G. Monique Butcher Mokha
Anne Holding, Jo-Annie Fortin, Joëlle Carpentier, Nora Hope and Richard Koestner
, these athletes may benefit from autonomy enhancing interventions designed to help athletes internalise their motivation for retirement. These interventions could, for example, validate athletes’ emotional responses about retirement, explore athletes’ attitudes about retirement, and help athletes
Kimberly S. Peer
Sports medicine professionals are facing new dilemmas in light of the changing dynamics of sport as an enterprise. These changes have considerable ethical implications as sports medicine team members are placed in challenging ethical decision-making situations that often create values tensions. These values conflicts have the potential to threaten and degrade the trust established through the mutual expectations inherent in the social contract between the health care providers and society. According to Starr,1 the social contract is defined as the relationship between medicine and society that is renegotiated in response to the complexities of modern medicine and contemporary society. Anchored in expectations of both society and the medical professions, this tacit contract provides a strong compass for professional practice as it exemplifies the powerful role and examines the deep responsibilities held by health care providers in our society. Although governed by professional boards and organizational codes of ethics, sports medicine professionals are challenged by the conflicts of interest between paternalistic care for the athlete and autonomous decisions often influenced by stakeholders other than the athletes themselves. Understanding how the construct of sport has impacted sports health care will better prepare sports medicine professionals for the ethical challenges they will likely face and, more importantly, facilitate awareness and change of the critical importance of upholding the integrity of the professional social contract.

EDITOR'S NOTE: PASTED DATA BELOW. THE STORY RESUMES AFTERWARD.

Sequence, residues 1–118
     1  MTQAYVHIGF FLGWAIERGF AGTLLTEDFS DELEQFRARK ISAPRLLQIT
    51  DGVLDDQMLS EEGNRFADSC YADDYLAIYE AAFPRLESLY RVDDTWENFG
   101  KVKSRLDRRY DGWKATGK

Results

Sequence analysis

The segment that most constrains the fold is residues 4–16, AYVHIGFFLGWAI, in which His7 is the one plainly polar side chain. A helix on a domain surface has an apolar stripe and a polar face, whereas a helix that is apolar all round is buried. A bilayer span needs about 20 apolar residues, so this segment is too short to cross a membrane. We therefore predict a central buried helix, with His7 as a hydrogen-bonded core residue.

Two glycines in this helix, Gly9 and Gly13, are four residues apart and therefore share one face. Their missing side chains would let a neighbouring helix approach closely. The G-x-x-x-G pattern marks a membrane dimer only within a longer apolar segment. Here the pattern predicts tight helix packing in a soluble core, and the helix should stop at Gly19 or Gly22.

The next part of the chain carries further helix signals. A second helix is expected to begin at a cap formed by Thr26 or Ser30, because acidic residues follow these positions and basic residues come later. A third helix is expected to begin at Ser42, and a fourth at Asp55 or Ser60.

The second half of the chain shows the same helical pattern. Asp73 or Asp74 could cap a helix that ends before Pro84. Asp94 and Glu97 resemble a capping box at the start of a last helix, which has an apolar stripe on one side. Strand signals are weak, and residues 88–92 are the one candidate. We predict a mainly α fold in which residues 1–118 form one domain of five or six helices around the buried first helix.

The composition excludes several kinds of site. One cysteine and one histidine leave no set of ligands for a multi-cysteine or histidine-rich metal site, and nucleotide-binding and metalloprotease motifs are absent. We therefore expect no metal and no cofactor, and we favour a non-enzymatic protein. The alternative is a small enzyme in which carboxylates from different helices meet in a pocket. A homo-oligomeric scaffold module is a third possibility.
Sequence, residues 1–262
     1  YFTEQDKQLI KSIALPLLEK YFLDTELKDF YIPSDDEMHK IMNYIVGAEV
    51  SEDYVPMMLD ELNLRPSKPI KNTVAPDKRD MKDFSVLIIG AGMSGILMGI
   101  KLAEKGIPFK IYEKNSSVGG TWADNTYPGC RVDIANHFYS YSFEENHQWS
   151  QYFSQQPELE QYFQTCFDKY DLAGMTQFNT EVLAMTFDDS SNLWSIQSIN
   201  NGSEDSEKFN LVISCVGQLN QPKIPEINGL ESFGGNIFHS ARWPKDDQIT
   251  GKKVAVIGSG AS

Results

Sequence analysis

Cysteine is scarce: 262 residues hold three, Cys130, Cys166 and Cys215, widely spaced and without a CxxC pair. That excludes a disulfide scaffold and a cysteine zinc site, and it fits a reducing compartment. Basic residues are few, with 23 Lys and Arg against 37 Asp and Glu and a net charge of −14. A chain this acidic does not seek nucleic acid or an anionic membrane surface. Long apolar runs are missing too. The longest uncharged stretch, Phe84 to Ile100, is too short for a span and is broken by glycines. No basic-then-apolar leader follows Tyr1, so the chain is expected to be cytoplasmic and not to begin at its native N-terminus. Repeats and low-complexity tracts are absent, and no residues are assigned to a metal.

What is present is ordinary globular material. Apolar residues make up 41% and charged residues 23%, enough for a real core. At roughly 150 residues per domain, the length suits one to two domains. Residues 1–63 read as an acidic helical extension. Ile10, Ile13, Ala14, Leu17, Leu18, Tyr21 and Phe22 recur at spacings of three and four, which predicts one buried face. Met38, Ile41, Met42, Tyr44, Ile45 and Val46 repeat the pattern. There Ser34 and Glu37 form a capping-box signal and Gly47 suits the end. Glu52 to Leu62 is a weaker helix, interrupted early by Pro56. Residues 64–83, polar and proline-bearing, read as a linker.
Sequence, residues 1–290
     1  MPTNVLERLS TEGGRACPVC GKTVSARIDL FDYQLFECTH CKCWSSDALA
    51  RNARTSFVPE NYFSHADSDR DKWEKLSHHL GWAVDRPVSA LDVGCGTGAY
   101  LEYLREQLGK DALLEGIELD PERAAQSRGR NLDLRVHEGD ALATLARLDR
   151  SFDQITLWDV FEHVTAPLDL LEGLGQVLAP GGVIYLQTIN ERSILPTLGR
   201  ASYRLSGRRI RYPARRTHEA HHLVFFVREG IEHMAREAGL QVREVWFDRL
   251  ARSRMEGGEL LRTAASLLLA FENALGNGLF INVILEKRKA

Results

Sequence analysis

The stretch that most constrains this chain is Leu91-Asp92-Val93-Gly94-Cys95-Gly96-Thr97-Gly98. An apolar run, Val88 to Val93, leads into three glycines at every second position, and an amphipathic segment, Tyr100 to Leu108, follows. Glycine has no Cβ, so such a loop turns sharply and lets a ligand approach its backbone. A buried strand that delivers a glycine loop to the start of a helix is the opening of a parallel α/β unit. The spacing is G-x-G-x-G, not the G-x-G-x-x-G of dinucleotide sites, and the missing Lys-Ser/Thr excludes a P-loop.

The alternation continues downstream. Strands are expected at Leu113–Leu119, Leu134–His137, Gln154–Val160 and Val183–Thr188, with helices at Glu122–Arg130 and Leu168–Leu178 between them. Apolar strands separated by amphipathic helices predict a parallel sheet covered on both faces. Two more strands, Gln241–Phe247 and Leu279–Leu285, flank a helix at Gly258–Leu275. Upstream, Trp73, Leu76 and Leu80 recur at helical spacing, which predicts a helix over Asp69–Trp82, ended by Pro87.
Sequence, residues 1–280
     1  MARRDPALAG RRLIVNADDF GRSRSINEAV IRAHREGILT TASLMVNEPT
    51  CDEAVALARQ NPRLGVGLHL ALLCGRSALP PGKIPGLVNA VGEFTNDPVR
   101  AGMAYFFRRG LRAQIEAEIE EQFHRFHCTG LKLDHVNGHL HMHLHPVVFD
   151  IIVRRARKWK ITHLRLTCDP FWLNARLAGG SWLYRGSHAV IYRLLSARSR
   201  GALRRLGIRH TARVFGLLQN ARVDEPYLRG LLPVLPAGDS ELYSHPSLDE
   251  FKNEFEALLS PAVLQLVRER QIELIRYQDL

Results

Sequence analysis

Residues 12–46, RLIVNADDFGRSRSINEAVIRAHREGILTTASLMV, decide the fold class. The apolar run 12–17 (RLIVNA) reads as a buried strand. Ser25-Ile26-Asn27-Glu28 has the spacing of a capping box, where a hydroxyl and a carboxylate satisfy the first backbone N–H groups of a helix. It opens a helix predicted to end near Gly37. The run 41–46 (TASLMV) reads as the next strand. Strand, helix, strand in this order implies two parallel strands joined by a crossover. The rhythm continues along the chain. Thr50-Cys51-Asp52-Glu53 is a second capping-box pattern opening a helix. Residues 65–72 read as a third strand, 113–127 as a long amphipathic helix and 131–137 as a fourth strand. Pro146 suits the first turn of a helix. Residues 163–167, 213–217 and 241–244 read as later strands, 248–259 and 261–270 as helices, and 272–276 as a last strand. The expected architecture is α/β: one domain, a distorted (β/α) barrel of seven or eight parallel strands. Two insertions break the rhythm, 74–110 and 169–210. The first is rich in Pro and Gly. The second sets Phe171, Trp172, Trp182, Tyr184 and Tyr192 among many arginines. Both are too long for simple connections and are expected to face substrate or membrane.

Sara L. Nottingham
autonomously upon graduation. 1 , 2 , 4 – 6 Several authors have argued the importance of effective supervision of athletic training students and provided strategies for proper supervision. 3 , 7 , 8 Additionally, researchers recognize that giving responsibility and autonomy is an essential component of the
Terese Wilhelmsen, Marit Sørensen and Ørnulf N. Seippel
individual and contextual motivational conditions. Contextual Conditions: Perceived Motivational Climates in PE Three motivation climates (i.e., mastery, performance, and autonomy-supportive climates) serve as the contextual conditions in the analysis in addition to physical inclusion. The distinction
Katherine R. Newsham
Performance enhancement is a multibillion dollar industry, with little known about the efficacy or safety of many practices. Many sport governing bodies have banned certain equipment, supplements, and drugs, yet, some athletes use anyway. This use may pose a danger to the individual user, as well as to other participants, and can challenge the integrity of the sport. We must consider how we, as health care professionals, balance personal autonomy, individual safety, and the integrity of sport in fulfilling our social contract.